Most people enjoy listening to music, reading novels, concerts, the movies – what they don’t realise is arts activities, for as little as 20 minutes per day, could improve their mental health.
“People need to give themselves permission to be creative and to make time for the arts activities they enjoy."Dr Christina Davies, Director of the Centre for Arts, Mental Health and Wellbeing WA, UWA
Dr Christina Davies, Director of the Centre for Arts, Mental Health and Wellbeing WA at the University of Western Australia said “mental health issues are on the rise, but there is strong evidence that just like sport, taking part in the arts for entertainment or as a hobby can strengthen mental health”.
To increase community awareness of the impact of recreational arts on mental health, the Good Arts, Good Mental Health Project has been developed. This cross-sector, multi-university project led by UWA, is currently calling for input from the general public in the development of a campaign, courses and programs.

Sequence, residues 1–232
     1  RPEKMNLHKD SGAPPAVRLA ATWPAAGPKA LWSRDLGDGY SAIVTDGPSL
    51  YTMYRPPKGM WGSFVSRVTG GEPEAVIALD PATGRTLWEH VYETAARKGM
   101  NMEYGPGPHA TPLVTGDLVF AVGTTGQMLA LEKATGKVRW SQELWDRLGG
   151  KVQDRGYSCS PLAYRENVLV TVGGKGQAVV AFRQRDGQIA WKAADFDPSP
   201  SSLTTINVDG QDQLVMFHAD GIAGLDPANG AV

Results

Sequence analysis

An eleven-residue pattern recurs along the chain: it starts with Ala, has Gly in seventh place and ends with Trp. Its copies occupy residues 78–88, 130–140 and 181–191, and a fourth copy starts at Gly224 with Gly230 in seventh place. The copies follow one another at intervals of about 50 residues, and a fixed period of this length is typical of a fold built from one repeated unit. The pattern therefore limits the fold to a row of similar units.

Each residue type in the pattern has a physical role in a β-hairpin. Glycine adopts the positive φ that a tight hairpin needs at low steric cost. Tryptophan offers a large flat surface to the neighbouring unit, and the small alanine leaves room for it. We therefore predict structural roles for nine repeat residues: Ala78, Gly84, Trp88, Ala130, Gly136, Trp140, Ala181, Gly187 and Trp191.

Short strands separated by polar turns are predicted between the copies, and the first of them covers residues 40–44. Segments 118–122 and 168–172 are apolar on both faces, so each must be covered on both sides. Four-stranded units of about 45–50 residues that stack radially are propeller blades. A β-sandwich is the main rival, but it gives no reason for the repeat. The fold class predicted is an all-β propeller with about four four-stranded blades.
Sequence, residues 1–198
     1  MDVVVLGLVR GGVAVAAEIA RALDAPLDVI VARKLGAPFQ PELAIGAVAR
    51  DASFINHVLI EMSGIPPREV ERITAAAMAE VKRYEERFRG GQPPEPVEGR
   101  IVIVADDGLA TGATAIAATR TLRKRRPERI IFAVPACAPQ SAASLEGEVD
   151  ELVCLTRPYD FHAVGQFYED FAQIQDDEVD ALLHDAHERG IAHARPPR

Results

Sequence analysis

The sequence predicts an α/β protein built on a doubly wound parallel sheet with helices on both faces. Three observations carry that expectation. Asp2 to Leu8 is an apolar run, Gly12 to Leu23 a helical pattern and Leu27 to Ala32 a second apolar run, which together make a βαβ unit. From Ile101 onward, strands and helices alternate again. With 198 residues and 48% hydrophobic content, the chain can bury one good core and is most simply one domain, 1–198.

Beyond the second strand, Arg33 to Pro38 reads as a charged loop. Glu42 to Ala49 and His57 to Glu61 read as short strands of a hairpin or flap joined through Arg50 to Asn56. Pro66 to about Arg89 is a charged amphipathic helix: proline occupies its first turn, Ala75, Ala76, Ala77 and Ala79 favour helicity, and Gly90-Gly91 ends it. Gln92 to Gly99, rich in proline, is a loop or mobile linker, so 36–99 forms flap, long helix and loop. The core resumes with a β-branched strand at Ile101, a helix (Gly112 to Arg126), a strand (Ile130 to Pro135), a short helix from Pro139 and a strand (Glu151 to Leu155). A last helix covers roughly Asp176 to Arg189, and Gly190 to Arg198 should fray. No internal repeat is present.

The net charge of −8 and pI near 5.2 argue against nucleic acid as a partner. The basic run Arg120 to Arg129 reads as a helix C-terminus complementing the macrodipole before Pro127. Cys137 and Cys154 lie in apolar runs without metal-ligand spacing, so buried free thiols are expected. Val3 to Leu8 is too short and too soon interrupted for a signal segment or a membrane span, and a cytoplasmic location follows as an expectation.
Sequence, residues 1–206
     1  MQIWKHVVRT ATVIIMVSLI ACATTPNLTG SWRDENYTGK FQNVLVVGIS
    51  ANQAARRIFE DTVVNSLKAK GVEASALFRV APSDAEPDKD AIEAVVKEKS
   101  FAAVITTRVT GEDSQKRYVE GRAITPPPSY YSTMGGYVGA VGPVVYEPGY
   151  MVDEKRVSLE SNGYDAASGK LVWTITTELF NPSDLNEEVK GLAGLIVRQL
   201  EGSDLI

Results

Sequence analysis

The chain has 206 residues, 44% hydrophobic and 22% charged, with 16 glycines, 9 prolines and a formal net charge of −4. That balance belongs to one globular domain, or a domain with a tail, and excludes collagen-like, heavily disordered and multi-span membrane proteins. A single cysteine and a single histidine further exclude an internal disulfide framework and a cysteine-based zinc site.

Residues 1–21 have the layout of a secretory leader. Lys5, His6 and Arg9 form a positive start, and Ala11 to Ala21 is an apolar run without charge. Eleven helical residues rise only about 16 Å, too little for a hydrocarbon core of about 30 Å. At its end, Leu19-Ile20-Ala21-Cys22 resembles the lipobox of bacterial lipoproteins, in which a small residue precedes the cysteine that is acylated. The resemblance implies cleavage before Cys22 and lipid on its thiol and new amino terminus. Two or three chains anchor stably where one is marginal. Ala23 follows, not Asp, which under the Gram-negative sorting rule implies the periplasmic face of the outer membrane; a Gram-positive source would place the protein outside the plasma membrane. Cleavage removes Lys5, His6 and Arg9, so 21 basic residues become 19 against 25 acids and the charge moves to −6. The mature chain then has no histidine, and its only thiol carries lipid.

“We’d love community feedback via our consultation survey to guide the project” Dr Davies said. “People can also nominate to get involved in focus groups and receive updates by going to the UWA Good Arts Good Mental Health website or via our Twitter or Instagram account @artshealthwa”.
The project is based on Dr Davies’ multi-award winning PhD research that quantifies the arts-mental health relationship and highlights the benefits of the arts on health including increased happiness, confidence, self-esteem, relaxation and reduced social isolation.
The project is funded by the Western Australian Future Health Research and Innovation Fund, which is an initiative of the WA State Government, and two of Australia’s major philanthropic foundations, The Ian Potter Foundation and new funding partner, The Minderoo Foundation. The project is also supported by the Department of Local Government, Sport and Cultural Industries; CircuitWest and St John of God Health Care.
“People need to give themselves permission to be creative and to make time for the arts activities they enjoy,” Dr Davies said. “People also need to be aware that you don’t have to be good at art for the arts to be good for you.”